dude fude, food, mommies

birthday cupcakes 2012; who’s in charge?

Chemistry is important. I’ve written about this before here. I like to watch whipped butter lighten or sugar transform. But this year, around M’s birthday, I was busy. I found one cupcake recipe that sounded good but called for three sticks of butter for twelve cupcakes. Uh… and it took an hour of prep.

So I turned to Cooks Illustrated, where after “much testing,” they dumped all the ingredients (and just 1 stick of butter) into a kitchen aid and mixed for 30 seconds. Voila! as they say. Then I doubled the recipe (again) and made another twenty-four.

I had picked out this lovely butterfly pattern for decorating but M overruled me (she’s about to be 6). She wanted Backyardigans and Backyardigans only, which meant a Backyardigans ring set in the middle of green (like a backyard) frosting. I got to add the dark green sugar and purple sprinkles. And that’s what it was.

I’ll post the recipe shortly. And here’s the frosting (minus the lemon zest) + food coloring.

dude fude, food, recipes, Uncategorized

Cupcakification–year 5!

I like surprises. I’m not gaga crazy for them, but I do seem to have a thing for a little something something in my cake batter. Today we weren’t making the big birthday cake (more on that later) but just some cupcake bites for the kids at school. M wanted vanilla so we went simple, except for a little chocolate surprise in the center. We added Guittard semi-sweet chocolate chips (these are currently my favorite chocolate chips) in the middle of each.

many gotten eaten

Actually, I wanted it to be more like a chocolately pudding bite, so I probably needed a hunk of chocolate for that (or pudding). Chips weren’t really right, but they’ll still be a little surprise for the kids, and that is always fun.

Into cold storage they went until Thursday when they’ll receive their Meyer lemon icing. M seems to be fixated on that flavor … also rainbows. We’re going to add a little candy rainbow. I talked her out of the blue sky, white clouds (that we saw on Martha Stewart’s website–too big for our “bites,” but we’ll approximate. I’ve been looking up candy stores (I may have to go south for this…) and baking stores in SF.

they cooked for 11-12 minutes

Apparently, Sugar and Spice in Daly City is good, but I haven’t been there yet. I’ve been looking for silver frosting (Sur la Table didn’t have it) for the big cake, but I may just give up and go with pink(s). And, yes, that cake will have a little surprise as well…

They look good!

Here’s the cupcake recipe–it’s Amy Sedaris’s recipe:

Yield:

24 cupcakes
  • 3/4 cup unsalted butter
  • 1 3/4 cups sugar
  • 2 large eggs
  • 2 teaspoons pure vanilla extract
  • 1/2 teaspoon salt
  • 2 1/2 teaspoons baking powder
  • 2 1/2 cups flour
  • 1 1/4 cups milk
  • 1 Preheat oven to 375°F.
  • 2 In a large bowl, cream together butter and sugar. Add in the eggs, two teaspoons vanilla, salt and baking powder.  Add flour and milk in batches, starting and ending with flour. Stir until batter is smooth and satiny.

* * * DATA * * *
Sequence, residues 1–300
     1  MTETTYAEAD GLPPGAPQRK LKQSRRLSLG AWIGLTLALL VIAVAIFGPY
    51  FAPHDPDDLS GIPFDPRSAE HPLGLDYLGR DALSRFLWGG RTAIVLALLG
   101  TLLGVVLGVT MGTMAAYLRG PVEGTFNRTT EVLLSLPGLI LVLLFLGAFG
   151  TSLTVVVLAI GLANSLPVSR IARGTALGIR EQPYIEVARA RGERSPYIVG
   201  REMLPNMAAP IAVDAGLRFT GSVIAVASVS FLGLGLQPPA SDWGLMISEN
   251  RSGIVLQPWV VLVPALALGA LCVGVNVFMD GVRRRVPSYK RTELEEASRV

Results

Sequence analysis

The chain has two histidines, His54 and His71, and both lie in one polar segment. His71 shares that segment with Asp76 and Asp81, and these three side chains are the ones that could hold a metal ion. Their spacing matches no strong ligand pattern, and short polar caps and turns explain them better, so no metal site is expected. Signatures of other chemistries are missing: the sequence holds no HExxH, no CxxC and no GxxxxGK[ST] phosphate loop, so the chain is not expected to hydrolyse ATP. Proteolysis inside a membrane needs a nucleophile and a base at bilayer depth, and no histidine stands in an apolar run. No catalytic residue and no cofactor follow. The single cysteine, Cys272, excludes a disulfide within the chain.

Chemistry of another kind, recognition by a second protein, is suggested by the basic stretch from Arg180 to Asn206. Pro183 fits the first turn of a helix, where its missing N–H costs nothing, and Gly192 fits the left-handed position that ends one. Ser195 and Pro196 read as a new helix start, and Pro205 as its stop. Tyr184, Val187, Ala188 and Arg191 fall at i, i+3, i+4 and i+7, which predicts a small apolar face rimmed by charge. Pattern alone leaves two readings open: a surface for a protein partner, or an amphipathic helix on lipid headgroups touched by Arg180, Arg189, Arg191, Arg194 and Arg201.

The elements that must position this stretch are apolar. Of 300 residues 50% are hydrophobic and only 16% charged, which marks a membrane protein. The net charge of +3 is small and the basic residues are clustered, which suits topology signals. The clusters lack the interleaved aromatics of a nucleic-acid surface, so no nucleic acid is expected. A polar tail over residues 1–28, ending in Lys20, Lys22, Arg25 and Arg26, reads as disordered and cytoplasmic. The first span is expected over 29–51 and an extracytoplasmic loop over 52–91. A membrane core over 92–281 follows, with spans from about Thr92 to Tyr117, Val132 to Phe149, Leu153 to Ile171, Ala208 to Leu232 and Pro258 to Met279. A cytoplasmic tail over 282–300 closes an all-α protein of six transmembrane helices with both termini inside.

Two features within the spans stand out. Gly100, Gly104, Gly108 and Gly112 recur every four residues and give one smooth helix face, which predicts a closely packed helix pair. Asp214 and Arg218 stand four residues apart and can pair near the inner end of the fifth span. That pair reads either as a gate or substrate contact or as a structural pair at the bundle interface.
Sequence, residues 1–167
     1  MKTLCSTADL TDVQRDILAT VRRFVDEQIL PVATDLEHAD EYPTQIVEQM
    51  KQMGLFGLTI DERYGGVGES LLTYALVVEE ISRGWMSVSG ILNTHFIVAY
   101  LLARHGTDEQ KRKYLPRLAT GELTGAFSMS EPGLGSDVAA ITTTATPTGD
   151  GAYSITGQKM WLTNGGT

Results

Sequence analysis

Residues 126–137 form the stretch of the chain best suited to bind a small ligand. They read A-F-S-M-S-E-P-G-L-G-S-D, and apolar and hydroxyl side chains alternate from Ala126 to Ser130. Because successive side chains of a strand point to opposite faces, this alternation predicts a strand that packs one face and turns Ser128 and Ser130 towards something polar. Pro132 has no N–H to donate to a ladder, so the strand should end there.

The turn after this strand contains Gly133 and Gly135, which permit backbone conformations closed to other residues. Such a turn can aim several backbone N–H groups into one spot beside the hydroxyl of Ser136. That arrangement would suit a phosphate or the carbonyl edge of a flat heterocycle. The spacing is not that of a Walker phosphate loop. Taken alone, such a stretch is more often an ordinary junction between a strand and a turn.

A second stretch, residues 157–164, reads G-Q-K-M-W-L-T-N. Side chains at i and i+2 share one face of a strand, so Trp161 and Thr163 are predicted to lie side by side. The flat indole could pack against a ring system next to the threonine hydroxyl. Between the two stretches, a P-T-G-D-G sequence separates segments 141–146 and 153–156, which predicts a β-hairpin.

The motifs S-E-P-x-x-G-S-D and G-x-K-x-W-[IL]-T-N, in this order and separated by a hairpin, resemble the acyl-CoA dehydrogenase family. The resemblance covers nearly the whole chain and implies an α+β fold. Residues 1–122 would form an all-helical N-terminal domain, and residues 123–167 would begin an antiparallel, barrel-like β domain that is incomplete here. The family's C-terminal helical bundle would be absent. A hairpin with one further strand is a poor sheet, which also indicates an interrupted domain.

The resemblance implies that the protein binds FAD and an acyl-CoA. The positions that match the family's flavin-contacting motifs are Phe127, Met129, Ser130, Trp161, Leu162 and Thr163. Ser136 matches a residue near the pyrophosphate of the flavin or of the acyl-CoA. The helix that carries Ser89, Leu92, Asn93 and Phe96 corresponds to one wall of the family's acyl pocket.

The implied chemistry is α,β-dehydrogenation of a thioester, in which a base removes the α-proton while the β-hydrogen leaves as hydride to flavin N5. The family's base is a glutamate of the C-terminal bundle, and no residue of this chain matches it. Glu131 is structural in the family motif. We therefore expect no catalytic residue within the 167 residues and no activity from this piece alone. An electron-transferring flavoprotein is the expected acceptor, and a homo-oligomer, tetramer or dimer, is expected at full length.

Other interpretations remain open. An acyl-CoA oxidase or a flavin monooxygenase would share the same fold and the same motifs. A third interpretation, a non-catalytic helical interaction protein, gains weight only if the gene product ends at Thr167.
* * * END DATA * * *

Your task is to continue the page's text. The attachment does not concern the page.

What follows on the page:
• 3 Fill paper-lined muffin tins with batter. Bake at 375° for 18- 20 minutes.

Read more: http://www.food.com/recipe/amy-sedaris-vanilla-cupcakes-181181#ixzz1Ft5qshpd

Um … the best part!

yum

Finished product:

We love these little guys...

Getting ready to go to school

recipes

Make This! (dude fude: cranberry sauce)

Cranberry Sauce

This is the best and easiest cranberry sauce ever. I’ve been waiting a year to eat it again. It comes from the now defunct Cookie Magazine (which I really kind of liked).

Here’s what it is:

4 ripe pears (any variety)

2 12-ounce bags cranberries (fresh or thawed frozen)

3 tablespoons butter

1/2 cup brown sugar (but I’ve used no sugar, it’s still great)

1. put pears and cranberries on sheet pan.

2. dot the fruit with butter and sprinkle it with sugar

3. roast in the oven for 45 minutes at 400 degrees, stirring once about halfway through.

Just do it.

dude fude, food, Uncategorized

On being irresistible…

As a kid, chocolate chip mint ice cream was my favorite flavor.  In this, I was not  alone.  However, I was alone in thinking chocolate chip mint pares perfectly with caramel, and pare it I did, when I had the opportunity to have an ice cream sunday which was usually once a year with my grandparents, on the way to the Berkshires from New York City.

Askew glances from waitresses aside, I stuck to my guns.  Glowing accounts of fudge sauce could not dissuade me.  Nor could the sight of the stuff itself. I always preferred the golden tendrils off caramel cooling against soft minty mounds.

Many years later, I unsuccessfully pitched the idea to Ben and Jerry’s during a nationwide ice cream flavor contest.  I forget which flavor won that year.

And so it has come to pass that I, on occasion, make my own ice cream.  I try not to make it too much because it is so delicious.

But with a small but significant peppermint bush growing in my garden, and an excess of cream in my fridge, I decided to make some.  The only sugar I had in the house was brown sugar and I decided to use it.

And so it was that I found myself back to the minty caramel marriage of my youth.  Not quite caramel, but just an absolutely addictive undercurrent of caramel taste.  Teasing in that way, so that you must take another bite just to make sure it’s really there. And another.  Combined with the freshest, brightest mint (from garden to pot in 10 minutes), it’s a real delight.

Butter Mint Chip

Adapted from Elise’s Chocolate Chip Mint Ice Cream (she’s got pictures and step by step making instructions)

Here’s my version:

Put lots (2-3 cups) of mint leaves in a pot with 1 cup of whole milk and 1 cup of cream.  Heat until just boiling, cover, turn off heat and let sit for 30 minutes.  Repeat, but you can let it sit for less time.  Strain out leaves, mashing milk out of them and put back mixture back into the pot.

Mix in 1/2 cup of brown sugar and a pinch of salt until dissolved.

Pour 1/3 or so of the milk mixture into 4 egg yolks, stirring constantly (you don’t want to scramble the eggs).  Then pour the egg/milk mixture back in pot on the stove, turn up the heat to medium, stir constantly and make a custard.  It’s done when the mixture thickly coats the back of a wooden spoon.  Don’t let it boil.

Strain into 1 cup of cream.  Let cool.  Sometimes I do this overnight.   Sometimes I put this mixture in a bowl surrounded by ice first.